In fairness, Obama also conceded that “some black folks and maybe some white folks” remain loyal to him precisely because of race, but again, it’s not clear why a president should be spending any of his time thinking this way. The moment a politician convinces himself that large swatches of the electorate are fundamentally irrational in their perspectives — either for or against him — is the moment he willingly dismisses public opinion as a useful gauge for the justness of his policies.
Pressed to state a hard opinion on the dangers of the soft drug, Obama stated, that no, he didn’t think it was as bad as alcohol “in terms of its impact on the individual consumer.” While sounding a sour note on the consumption of cannabis as a lifestyle choice — a “vice” and a “waste of time” were two phrases he used — the opinions expressed on the legalization initiatives in Colorado and Washington were among his clearest to date. Legalization is not a “panacea,” he warned, but I still think it’s “important for it to go forward” in states that allow it, particularly if that means fewer destitute minorities will continue receiving those crazily disproportionate sentences we’re always hearing about.
Some libertarians and leftists have long peddled a myth that Obama has been “no different” on pot policy than any of his Republican predecessors, and to this day, the fact that marijuana possession remains a federal crime is often discussed as if it was something this White House dreamed up in a vacuum, as opposed to an inertia-backed inheritance of 1930s. Yet again and again, this president has sided with pro-legalization forces whenever given the chance, first with a 2009 decree from his attorney general that the feds would not crack down on the private, retail distribution of medical marijuana in states that had democratically chosen to allow it, and then, a few years later, with a similar announcement that no one in his administration was going to be rushing to quash fully legalized pot in CO and WA, either.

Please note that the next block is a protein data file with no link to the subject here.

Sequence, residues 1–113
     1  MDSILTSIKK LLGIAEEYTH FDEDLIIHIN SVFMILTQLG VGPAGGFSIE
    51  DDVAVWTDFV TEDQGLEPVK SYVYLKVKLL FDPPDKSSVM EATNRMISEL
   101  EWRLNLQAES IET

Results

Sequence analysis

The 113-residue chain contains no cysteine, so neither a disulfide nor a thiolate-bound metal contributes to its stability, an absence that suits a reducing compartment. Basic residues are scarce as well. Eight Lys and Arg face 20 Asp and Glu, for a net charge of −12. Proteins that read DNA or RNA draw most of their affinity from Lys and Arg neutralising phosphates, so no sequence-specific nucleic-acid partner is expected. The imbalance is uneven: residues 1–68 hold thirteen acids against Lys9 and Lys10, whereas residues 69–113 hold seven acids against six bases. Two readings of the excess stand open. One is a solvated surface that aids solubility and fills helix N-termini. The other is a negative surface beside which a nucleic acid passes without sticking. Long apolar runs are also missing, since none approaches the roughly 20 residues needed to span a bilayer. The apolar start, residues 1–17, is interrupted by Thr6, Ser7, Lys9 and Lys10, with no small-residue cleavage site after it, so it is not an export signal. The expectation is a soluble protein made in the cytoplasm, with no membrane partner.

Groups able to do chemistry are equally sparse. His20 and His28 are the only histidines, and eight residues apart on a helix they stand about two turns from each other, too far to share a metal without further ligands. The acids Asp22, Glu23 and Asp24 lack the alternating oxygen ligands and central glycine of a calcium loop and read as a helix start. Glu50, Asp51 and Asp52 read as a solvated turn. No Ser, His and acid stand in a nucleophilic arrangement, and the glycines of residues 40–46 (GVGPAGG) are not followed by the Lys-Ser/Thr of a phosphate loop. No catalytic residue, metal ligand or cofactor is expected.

To the extent the president’s pot statements made anyone clutch their pearls, in short, it was simply those who haven’t been paying attention. But then again, as I wrote a while ago in a different context, the gradual chip-chip-chipping away of drug prohibition seems to be a phenomenon hardly anyone’s watching very closely.
It might not be entirely fair to the President to exert quite so much effort parsing elaborate meaning out of a few select sentences, yet as Remnick makes clear, Obama chooses his words with such painful precision it’s be hard not to. The man is a “spool of cautious lucidity” when being interviewed, Remnick says; in a New Yorker podcast he went even further and claimed you can practically see the President’s “heart rate slow down” when he speaks on the record, so careful is he.
Americans should never forget that one of the great strengths of their democracy is that their leaders are routinely willing to collaborate with journalists in long, investigative profiles of themselves. I recently finished reading a reasonably sympathetic book about Prime Minister Harper that’s nevertheless mainly sourced by idle speculation and off-the-record gossip, simply because the man just doesn’t like talking to reporters, and Canadian journalistic culture largely accepts this as reasonable. Much of what we know about Obama, by contrast — his values, principles, agendas, and goals — is sourced by open admissions from the guy himself.
At one point Remnick has Obama expressing skepticism about the so-called “great man” theory of history, the idea that monumental political and social changes ultimately originate from rulers, not the people. And while caution may be rightly warranted about such a single-cause thesis of politics, there’s still something to be said about a culture that encourages keeping such close watch on society’s great men just the same — monotonous though the chore may sometimes be.